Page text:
Accessing HDFS

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    // Get default file system instancefs = Filesystem.get(new Configuration());// Or Get file system instance from URIfs = Filesystem.get(URI.create(uri), new Configuration());

    // Create, open, list,

    OutputStream out = fs.create(path, );InputStream in = fs.open(path, );boolean isDone = fs.delete(path, recursive);FileStatus[] fstat = fs.listStatus(path);

    HDFS Java API

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    Hadoop MapReduce

    Record = (Key, Value) Key : Comparable, Serializable Value: Serializable Input, Map, Shuffle, Reduce, Output

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    cat /var/log/auth.log* | \ grep session opened | cut -d -f10 | \sort | \uniq -c > \~/userlist

    Seems Familiar ?

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    Map

    Input: (Key1, Value1) Output: List(Key2, Value2) Projections, Filtering, Transformation

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    Shuffle

    Input: List(Key2, Value2) Output

    Sort(Partition(List(Key2, List(Value2)))) Provided by Hadoop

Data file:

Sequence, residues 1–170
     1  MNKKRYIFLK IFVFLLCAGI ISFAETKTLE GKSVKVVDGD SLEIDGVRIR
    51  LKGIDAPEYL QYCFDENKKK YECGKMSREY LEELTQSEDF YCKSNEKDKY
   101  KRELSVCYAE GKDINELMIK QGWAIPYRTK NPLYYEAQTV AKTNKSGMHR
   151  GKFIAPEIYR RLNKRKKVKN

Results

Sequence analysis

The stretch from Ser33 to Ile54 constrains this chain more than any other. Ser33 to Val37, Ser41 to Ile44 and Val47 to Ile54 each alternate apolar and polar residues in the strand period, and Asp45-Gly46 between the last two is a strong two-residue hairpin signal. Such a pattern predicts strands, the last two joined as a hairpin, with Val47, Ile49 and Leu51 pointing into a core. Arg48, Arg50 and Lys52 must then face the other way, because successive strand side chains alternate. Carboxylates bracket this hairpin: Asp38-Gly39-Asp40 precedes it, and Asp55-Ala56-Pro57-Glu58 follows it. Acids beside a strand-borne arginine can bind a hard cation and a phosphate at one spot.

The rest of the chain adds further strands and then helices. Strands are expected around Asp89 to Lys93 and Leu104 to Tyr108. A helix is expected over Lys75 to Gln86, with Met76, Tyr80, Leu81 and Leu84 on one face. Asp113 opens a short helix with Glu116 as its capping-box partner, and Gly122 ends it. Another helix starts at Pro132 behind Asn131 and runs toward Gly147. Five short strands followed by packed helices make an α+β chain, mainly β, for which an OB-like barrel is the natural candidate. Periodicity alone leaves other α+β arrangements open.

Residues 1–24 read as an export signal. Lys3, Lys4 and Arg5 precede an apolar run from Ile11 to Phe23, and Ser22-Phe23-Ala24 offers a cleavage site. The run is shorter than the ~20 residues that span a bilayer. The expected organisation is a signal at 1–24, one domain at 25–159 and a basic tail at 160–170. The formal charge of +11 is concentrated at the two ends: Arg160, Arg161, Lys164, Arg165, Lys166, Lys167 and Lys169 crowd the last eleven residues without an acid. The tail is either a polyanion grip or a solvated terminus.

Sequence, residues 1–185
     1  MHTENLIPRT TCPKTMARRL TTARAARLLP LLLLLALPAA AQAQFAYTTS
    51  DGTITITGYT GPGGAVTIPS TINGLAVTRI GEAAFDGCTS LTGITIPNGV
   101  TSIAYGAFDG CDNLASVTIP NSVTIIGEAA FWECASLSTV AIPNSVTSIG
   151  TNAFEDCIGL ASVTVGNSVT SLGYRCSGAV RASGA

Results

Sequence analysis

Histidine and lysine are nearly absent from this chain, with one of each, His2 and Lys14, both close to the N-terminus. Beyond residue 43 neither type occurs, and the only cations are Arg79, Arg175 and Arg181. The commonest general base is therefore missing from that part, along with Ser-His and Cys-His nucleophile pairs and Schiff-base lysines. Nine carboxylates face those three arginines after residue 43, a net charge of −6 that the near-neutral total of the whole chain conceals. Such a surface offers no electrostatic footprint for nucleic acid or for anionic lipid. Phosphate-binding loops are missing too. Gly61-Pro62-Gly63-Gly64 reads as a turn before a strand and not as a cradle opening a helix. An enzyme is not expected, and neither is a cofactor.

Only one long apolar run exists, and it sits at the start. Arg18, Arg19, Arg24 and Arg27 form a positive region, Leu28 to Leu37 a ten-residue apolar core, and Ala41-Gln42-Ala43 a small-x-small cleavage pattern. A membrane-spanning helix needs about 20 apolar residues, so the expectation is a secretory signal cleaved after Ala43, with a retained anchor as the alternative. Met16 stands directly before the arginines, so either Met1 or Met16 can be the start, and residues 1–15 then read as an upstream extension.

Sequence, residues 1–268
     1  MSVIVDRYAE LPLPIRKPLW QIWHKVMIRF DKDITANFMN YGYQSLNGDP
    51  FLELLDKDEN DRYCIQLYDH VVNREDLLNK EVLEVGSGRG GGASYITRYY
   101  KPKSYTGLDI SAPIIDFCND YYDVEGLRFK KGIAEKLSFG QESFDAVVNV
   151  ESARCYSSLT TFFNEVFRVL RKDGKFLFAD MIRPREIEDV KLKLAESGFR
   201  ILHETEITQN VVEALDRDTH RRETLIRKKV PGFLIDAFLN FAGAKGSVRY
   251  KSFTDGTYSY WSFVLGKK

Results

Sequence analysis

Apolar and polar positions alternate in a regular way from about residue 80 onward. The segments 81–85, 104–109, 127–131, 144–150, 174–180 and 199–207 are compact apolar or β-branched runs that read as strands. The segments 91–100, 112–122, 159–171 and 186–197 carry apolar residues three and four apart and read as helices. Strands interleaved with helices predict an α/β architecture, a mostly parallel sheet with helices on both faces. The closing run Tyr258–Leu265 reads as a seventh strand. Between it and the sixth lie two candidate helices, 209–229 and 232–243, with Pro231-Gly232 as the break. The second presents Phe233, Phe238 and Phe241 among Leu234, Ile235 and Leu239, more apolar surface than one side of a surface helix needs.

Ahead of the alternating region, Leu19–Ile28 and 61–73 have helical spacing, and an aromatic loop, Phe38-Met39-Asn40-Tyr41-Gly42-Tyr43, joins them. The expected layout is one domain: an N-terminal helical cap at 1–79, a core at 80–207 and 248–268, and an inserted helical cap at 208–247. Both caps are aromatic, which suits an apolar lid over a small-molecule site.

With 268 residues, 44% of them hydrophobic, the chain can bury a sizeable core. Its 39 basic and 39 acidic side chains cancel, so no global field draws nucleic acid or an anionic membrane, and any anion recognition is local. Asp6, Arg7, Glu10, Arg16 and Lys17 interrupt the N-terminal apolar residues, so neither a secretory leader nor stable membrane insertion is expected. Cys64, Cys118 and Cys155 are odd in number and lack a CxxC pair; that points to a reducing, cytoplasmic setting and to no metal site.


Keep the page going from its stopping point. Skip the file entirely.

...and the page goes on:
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    Reduce

    Input: List(Key2, List(Value2)) Output: List(Key3, Value3) Aggregation

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    Example: Unigrams

    Input: Huge text corpus Wikipedia Articles (40GB uncompressed)

    Output: List of words sorted in descending order of frequency

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    $ cat ~/wikipedia.txt | \sed -e 's/ /\n/g' | grep . | \sort | \uniq -c > \~/frequencies.txt

    $ cat ~/frequencies.txt | \# cat | \sort -n -k1,1 -r |# cat > \~/unigrams.txt

    Unigrams

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    mapper (filename, file-contents): for each word in file-contents: emit (word, 1)

    reducer (word, values): sum = 0 for each value in values: sum = sum + value emit (word, sum)

    MR for Unigrams

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    mapper (word, frequency): emit (frequency, word)

    reducer (frequency, words): for each word in words: emit (word, frequency)

    MR for Unigrams

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    Java Mapper

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    public static class Map extends MapReduceBase implements Mapper {

    private final static IntWritable one = new IntWritable(1); private Text word = new Text();